Hypersomnolence in a rat model of obesity
Michlin, Charles Philip
MetadataShow full item record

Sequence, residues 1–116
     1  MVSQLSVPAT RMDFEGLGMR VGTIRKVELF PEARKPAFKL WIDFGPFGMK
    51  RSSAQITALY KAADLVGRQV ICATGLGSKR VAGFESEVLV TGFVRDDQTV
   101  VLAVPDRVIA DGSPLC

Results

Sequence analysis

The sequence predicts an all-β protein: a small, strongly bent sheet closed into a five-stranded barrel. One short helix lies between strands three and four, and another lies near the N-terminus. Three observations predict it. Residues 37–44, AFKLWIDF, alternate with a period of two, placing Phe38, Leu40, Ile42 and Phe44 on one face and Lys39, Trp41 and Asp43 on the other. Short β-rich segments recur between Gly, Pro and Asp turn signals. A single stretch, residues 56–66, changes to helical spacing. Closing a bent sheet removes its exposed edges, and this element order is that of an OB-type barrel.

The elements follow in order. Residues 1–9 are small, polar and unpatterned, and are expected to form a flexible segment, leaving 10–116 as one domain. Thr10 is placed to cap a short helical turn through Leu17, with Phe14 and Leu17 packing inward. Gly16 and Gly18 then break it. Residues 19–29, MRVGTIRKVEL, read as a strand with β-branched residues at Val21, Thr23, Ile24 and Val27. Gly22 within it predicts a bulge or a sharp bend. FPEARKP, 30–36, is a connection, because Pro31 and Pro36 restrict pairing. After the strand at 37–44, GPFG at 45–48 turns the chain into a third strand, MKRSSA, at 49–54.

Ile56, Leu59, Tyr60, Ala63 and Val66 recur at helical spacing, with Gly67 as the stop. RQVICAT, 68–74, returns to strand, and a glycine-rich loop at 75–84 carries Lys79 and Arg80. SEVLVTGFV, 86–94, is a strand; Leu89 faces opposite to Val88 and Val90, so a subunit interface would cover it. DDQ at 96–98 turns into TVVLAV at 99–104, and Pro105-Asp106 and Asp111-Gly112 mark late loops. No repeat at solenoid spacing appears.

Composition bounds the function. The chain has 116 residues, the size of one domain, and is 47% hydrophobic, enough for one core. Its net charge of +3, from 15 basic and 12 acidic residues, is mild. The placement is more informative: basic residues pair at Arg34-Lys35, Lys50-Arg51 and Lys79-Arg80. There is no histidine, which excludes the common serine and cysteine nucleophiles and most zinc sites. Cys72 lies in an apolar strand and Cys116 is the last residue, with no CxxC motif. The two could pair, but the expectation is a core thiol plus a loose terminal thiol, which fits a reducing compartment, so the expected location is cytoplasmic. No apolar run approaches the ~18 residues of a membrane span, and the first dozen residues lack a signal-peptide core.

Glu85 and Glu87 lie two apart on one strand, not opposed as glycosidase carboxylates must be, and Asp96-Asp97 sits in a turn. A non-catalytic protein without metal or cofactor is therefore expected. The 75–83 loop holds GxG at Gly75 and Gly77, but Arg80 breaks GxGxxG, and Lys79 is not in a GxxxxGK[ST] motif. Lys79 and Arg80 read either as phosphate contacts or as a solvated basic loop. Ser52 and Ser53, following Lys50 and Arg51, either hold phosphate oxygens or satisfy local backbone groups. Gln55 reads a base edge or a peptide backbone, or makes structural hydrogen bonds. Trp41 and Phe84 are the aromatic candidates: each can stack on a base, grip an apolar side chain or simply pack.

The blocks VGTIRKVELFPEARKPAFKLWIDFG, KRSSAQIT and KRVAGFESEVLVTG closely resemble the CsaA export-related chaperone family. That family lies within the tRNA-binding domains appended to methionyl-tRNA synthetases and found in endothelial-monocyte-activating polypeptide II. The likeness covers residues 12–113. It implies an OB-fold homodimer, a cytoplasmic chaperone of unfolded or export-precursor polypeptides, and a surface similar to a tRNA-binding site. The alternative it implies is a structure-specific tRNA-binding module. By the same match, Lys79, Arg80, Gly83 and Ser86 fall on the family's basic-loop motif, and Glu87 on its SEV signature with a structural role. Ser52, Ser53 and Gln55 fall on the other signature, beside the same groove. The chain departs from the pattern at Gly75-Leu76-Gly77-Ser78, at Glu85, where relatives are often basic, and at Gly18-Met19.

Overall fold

Introduction . The obese Zucker rat demonstrates many of the same respiratory deficits found in morbidly obese humans, such as blunted ventilatory responses to hypoxia and hypercapnia, reduced lung function, a decrease in chest wall compliance, and an increase in chest wall resistance. The Zucker rat has been used as a model for obesity and diabetes, and offers the possibility of it being used as a naturally occurring model for sleep disordered breathing and hypersomnolence. Methods . Nine pair of age-matched lean and obese adult male Zucker rats were implanted with EEG and EMG electrodes, habituated, and had a 24 hour recording of sleep-wake patterns analyzed in ten second epochs. Delta, theta, and sigma power were normalized and computed for each animal during the entire 24 hour period, during six hours in the day (10 am-4 pm), and during six hours at night (10 pm-4 am). Results . The obese Zucker rats displayed a significant increase in non-rapid eye movement (NREM) sleep and a significant decrease in wake time over a 24 hour period of time, six hours of day, and six hours of night, compared with its lean counterparts. Normalized delta power of the obese rats for 24 hours and six hours-day were significantly higher than the leans' respective spectral power; normalized theta power of the obese rats for 24 hours and six hours-day were significantly lower than the leans' respective spectral power. The increase in body weight was positively correlated with the normalized 24 hour and 6 Hour-Day delta power, and was negatively correlated with the normalized 24 hour and 6 Hour-Day theta power. The increase in body weight was positively correlated with NREM sleep (both in the 24 hour and the 6 Hour-Night periods), and was negatively correlated with Wake time (both in the 24 hour and the 6 Hour-Night periods). Conclusion . The increased NREM and increased normalized delta power of the obese adult male Zucker rat demonstrates that it is hypersomnolent compared with the lean adult male Zucker rat. The confirmation of the adult obese Zucker rat's role as a naturally occurring model for hypersomnolence will facilitate future sleep research, including the development of pharmacological interventions to alleviate or eliminate the effects of hypersomnolence.